It’s 11 a.m. You’re at your desk. Your stomach rumbles. You could use a hamburger. You work until 5:30, with enough time to pick up your kid before the daycare starts charging late fees at 6. Soccer practice starts at 7:30. Somewhere in between, you need to pick up the dry cleaning and get cash from an ATM. Your stomach rumbles again, a reminder that you need to feed everyone at some point. It’s going to be another whirlwind evening. You slouch into your chair with a peanut butter sandwich, resigned to the fact that you’ll spend hours in traffic after a long day of work.

Days like this play out all the time in America. Even when commutes are short, the retail establishments we frequent often aren’t close to our jobs, and some types of stores are clustered in far-flung parts of town. That’s by design. For a century, the foundation of American land use policy has been the separation of different land uses from each other under the belief that this minimizes negative spillover effects. But the legal separation of land uses makes life inconvenient, paid for in late nights, long drives, and errands that never get done.

Separating uses does have benefits. Keeping development patterns uniform in small areas is convenient for the public. It helps keep demand for infrastructure predictable and stable, making heated debates over traffic, water, power and such less frequent. Keeping commerce out of neighborhoods tempers complaints about noise and parking—landmine issues for local politicians. But use-based zoning restrictions aren’t the only way to manage local infrastructure debates, and we have alternative options for dealing with negative spillovers from mixing homes and places of commerce and industry.

State and local politicians could make a number of changes in land use regulation to tip the scales toward a mix that favors convenience over minimizing negative spillover effects. The most complete reform would be for states to endorse a form of hierarchical zoning, where zoning is based on the intensity of activity rather than the use itself. High intensity activities generate noxious spillover effects—heavy industry being the highest intensity activity of all—while residential uses generate the least intense activity. In a hierarchical system, developers are allowed to build any type of building up to the maximum intensity category. This allows housing to be built in areas home to more-intense activities like retail and office complexes, and allows retail to be built in areas home to primarily industrial uses.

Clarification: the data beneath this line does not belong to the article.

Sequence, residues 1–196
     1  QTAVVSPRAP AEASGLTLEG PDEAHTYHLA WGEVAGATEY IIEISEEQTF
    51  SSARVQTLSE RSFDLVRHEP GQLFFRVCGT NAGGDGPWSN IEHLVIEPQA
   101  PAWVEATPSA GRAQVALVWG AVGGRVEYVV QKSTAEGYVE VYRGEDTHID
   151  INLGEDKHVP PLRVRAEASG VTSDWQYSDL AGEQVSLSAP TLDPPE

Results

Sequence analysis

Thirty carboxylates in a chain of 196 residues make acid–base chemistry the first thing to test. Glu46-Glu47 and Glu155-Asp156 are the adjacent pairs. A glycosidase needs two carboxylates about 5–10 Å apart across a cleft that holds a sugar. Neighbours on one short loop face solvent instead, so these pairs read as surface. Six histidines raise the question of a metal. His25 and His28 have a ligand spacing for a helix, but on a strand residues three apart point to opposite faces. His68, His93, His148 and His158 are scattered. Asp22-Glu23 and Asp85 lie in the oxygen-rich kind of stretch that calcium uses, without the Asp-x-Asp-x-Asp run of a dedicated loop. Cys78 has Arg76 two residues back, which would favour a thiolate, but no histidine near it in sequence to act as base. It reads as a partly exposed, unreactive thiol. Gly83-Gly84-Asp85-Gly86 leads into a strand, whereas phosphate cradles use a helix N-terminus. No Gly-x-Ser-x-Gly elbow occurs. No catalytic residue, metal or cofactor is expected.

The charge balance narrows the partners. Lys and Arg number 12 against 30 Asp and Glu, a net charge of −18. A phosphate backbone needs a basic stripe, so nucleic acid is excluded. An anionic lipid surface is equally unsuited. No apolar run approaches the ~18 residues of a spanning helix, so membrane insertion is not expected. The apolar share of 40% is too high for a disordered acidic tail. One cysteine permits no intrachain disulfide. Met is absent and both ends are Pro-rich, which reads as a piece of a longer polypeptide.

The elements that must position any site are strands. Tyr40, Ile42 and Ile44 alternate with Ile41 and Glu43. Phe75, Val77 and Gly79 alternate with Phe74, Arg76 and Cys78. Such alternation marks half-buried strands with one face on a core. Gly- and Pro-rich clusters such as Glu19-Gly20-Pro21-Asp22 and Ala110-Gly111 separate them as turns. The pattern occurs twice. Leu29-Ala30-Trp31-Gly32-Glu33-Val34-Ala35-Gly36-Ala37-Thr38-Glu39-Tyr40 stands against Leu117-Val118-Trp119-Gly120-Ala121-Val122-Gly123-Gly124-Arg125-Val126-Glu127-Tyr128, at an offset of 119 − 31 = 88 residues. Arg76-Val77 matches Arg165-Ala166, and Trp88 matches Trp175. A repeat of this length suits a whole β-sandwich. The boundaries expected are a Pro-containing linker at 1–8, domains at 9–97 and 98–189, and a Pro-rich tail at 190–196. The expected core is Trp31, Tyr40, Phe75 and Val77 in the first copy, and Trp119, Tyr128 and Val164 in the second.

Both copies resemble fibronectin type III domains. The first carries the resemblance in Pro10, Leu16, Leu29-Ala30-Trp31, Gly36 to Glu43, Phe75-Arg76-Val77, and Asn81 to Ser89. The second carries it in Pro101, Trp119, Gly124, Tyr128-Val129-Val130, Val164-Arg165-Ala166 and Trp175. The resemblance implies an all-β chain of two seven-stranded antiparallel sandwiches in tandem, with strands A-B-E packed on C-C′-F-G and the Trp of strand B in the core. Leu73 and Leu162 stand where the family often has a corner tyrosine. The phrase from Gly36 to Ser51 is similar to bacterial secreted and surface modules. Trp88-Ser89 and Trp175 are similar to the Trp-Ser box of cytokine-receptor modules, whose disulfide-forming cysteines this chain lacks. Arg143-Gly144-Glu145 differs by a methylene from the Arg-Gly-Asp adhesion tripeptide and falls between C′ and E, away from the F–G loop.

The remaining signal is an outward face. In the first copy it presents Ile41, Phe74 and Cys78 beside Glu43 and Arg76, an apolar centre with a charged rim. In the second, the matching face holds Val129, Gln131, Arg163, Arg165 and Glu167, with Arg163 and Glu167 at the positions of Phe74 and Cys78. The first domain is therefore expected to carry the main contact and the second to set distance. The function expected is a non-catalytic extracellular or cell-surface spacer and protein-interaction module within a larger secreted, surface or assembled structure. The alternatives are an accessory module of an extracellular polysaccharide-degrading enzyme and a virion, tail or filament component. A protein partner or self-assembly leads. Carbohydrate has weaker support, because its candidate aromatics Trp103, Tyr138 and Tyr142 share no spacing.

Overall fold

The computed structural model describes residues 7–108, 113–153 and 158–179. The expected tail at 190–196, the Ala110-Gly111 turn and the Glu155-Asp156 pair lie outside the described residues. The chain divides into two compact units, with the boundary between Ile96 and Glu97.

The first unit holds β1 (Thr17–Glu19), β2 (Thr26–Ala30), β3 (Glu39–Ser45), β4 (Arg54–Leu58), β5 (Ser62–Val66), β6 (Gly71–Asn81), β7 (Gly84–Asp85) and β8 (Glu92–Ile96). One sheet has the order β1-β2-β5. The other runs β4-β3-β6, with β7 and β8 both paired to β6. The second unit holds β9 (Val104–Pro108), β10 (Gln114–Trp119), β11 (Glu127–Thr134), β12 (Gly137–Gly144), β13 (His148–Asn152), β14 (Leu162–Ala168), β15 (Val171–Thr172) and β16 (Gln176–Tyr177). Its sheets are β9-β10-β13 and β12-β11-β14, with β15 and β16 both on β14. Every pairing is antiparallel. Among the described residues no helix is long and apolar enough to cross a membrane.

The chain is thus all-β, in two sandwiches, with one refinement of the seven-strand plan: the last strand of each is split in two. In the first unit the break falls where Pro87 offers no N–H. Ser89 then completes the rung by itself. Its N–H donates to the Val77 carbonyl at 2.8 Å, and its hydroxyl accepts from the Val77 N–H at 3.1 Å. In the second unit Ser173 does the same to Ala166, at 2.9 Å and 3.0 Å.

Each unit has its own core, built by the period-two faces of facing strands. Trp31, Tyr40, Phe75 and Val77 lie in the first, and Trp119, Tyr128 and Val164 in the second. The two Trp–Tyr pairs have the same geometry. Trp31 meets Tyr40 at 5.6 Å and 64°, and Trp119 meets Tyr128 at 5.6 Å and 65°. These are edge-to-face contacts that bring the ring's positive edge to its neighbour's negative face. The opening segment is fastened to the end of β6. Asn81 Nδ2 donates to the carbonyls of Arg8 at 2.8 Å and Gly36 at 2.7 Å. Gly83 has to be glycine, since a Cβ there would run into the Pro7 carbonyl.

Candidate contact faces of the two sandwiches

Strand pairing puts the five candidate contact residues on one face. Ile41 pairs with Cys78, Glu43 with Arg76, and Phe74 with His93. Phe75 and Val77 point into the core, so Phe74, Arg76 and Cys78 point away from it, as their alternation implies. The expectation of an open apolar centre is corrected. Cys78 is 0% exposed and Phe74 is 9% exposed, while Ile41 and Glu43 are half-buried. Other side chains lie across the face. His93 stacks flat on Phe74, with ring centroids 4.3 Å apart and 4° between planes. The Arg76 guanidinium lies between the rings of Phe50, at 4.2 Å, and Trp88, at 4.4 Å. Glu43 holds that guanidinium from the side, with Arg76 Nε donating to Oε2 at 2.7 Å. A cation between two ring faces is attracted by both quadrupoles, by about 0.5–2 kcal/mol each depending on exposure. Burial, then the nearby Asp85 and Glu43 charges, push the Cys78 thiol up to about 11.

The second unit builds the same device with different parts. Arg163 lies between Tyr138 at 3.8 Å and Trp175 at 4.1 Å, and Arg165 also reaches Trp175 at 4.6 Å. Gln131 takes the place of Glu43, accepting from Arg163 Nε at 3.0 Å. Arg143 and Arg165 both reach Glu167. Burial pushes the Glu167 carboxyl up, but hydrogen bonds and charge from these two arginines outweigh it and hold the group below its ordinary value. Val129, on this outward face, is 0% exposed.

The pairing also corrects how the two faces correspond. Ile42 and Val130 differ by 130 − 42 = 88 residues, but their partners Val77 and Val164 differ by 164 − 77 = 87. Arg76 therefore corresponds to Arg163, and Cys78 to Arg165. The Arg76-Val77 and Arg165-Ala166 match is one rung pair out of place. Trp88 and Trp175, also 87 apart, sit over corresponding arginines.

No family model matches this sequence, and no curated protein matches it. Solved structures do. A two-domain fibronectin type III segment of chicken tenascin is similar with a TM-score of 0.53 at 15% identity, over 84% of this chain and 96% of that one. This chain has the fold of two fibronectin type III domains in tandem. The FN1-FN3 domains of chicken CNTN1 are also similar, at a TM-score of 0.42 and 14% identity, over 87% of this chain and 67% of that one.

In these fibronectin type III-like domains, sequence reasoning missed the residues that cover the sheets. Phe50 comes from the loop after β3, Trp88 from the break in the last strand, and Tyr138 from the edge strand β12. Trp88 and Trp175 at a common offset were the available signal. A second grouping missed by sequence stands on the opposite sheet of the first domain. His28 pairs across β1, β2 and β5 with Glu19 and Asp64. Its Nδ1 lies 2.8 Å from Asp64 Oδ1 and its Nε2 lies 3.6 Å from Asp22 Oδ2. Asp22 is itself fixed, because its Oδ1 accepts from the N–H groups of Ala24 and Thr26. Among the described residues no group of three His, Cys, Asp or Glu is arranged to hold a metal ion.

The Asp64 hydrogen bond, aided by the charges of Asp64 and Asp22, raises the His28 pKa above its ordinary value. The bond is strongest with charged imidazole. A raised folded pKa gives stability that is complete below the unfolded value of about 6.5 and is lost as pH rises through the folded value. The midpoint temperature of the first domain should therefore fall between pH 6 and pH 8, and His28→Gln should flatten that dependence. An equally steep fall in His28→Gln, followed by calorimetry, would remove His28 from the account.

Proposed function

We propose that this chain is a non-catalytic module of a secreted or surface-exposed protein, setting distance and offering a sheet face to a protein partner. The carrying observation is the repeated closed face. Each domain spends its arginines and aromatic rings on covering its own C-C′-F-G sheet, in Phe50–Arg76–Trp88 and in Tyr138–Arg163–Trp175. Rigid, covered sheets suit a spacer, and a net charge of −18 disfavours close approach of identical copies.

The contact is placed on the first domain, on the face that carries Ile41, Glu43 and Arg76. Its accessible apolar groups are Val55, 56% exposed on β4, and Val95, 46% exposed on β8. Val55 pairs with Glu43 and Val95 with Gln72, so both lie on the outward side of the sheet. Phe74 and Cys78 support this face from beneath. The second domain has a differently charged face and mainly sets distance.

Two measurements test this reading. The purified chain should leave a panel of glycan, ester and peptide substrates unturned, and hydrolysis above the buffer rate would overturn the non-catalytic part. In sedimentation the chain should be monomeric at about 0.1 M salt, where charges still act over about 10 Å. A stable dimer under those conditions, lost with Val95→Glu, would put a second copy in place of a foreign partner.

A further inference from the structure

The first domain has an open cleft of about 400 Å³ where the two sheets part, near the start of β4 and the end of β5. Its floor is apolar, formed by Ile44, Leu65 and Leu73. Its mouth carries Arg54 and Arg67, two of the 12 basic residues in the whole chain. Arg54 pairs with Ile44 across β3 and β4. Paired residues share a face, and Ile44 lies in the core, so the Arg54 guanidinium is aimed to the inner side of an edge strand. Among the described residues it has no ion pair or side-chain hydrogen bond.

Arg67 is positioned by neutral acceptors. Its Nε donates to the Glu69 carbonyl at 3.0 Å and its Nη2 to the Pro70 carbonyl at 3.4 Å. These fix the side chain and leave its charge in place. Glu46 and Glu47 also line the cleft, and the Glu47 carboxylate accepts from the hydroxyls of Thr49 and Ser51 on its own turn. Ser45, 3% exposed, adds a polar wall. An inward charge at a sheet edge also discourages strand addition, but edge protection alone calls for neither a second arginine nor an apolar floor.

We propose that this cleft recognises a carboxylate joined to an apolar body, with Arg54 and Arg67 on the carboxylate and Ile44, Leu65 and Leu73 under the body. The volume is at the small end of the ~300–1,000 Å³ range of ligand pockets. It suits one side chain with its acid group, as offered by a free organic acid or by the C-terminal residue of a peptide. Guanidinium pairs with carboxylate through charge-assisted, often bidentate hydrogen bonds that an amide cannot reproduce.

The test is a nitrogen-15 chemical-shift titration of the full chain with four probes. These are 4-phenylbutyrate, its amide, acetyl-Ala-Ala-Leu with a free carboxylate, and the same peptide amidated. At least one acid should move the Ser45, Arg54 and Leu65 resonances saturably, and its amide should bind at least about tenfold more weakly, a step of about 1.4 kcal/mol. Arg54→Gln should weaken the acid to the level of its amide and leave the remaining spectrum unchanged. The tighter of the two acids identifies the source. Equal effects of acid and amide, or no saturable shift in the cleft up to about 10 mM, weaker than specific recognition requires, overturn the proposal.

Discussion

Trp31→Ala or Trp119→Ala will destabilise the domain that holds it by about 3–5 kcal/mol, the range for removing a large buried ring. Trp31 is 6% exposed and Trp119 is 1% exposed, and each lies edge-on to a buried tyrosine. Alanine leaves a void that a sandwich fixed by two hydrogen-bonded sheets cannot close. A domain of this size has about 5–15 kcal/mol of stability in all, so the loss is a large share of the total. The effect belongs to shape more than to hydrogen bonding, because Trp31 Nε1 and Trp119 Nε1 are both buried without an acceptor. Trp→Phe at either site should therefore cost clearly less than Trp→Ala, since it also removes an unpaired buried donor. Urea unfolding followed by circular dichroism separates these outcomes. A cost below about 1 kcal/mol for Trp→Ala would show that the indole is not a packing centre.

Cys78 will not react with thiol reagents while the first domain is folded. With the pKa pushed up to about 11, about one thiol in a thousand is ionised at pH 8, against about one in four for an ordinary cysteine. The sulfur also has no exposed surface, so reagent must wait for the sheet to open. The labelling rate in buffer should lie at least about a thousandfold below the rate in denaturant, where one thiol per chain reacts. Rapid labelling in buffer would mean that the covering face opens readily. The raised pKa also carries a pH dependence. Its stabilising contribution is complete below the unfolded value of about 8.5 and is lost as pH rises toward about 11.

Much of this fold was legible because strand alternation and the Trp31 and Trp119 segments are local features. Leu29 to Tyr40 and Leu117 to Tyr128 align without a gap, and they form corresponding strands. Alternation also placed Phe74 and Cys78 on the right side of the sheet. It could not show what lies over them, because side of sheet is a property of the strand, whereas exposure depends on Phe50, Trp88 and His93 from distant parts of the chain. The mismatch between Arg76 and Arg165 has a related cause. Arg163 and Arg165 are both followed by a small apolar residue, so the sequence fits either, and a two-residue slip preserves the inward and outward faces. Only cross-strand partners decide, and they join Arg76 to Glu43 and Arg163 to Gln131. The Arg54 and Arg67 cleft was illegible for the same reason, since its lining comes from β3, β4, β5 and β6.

Japan has long used a hierarchical zoning system, and has largely avoided the high rents people face in most large American cities. Given its success in keeping rents stable in a region as large as Tokyo, states should consider legislation to make hierarchical zoning the predominant mechanism used by municipalities when they undertake substantial zoning reform.

But for shorter, more convenient trips, zoning reform need not be a large, state-led overhaul of municipal zoning laws. In states with home rule powers, municipalities have broad discretion to implement their own land use regulations with limited interference from state governments. In these states, changing existing zones to allow more uses would open the door to more retail near offices and industrial concerns as well as more homes near retail. These changes could happen in two ways. First, towns could expand existing mixed-use zones to include most or all retail areas in an effort to allow more homes within a walk or short drive from neighborhood-serving retail. Second, towns could expand the list of allowed uses in existing zones, granting the right to develop new types of buildings in existing industrial or office areas.

American governments have been overly cautious in organizing land uses to separate our homes from where we work and where we shop. Life is easier when the places you need to go are close to each other, when you can find an ATM and a dry cleaner close to home and have time to run errands and make dinner in the evening. With zoning reform—either a new hierarchical system or an expansion of allowed uses—you could swap the peanut butter sandwich for the burger you really want.